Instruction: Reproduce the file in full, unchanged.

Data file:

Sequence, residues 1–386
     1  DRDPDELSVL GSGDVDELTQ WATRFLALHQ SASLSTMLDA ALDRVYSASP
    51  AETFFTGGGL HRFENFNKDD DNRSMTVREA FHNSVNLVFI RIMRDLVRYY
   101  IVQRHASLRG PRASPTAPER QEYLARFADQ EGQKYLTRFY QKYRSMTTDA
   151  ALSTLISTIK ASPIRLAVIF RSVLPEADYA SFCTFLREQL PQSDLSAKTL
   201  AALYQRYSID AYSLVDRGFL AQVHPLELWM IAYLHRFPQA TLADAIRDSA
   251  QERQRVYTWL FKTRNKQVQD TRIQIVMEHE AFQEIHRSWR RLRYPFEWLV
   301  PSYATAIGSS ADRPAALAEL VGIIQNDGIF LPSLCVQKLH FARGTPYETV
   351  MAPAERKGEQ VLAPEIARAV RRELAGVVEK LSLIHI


Sequence, residues 1–386
     1  DRDPDELSVL GSGDVDELTQ WATRFLALHQ SASLSTMLDA ALDRVYSASP
    51  AETFFTGGGL HRFENFNKDD DNRSMTVREA FHNSVNLVFI RIMRDLVRYY
   101  IVQRHASLRG PRASPTAPER QEYLARFADQ EGQKYLTRFY QKYRSMTTDA
   151  ALSTLISTIK ASPIRLAVIF RSVLPEADYA SFCTFLREQL PQSDLSAKTL
   201  AALYQRYSID AYSLVDRGFL AQVHPLELWM IAYLHRFPQA TLADAIRDSA
   251  QERQRVYTWL FKTRNKQVQD TRIQIVMEHE AFQEIHRSWR RLRYPFEWLV
   301  PSYATAIGSS ADRPAALAEL VGIIQNDGIF LPSLCVQKLH FARGTPYETV
   351  MAPAERKGEQ VLAPEIARAV RRELAGVVEK LSLIHI